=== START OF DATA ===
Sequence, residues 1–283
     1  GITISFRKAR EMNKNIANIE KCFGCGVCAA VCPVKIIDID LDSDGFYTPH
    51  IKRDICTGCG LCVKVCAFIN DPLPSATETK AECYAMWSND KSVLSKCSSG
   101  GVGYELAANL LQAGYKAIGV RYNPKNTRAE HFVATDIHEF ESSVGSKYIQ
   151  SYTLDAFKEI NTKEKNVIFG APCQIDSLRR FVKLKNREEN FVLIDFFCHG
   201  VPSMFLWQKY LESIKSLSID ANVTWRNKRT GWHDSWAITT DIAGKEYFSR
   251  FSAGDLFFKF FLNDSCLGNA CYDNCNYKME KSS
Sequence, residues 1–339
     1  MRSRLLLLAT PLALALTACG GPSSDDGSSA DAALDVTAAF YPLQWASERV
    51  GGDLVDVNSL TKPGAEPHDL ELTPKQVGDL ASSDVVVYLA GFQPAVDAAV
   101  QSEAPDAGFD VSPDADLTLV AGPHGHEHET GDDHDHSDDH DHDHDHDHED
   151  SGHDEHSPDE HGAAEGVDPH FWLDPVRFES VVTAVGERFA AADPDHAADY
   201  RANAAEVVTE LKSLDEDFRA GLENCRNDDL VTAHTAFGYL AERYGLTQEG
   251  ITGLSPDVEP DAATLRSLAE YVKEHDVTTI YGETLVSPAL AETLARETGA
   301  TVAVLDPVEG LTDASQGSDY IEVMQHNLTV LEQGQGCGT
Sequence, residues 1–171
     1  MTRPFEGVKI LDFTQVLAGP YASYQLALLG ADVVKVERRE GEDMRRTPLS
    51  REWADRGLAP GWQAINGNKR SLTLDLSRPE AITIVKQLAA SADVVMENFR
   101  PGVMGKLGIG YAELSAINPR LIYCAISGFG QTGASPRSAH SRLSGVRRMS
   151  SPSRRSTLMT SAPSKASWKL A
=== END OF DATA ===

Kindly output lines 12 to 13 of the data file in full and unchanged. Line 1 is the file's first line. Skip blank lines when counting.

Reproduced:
   151  SGHDEHSPDE HGAAEGVDPH FWLDPVRFES VVTAVGERFA AADPDHAADY
   201  RANAAEVVTE LKSLDEDFRA GLENCRNDDL VTAHTAFGYL AERYGLTQEG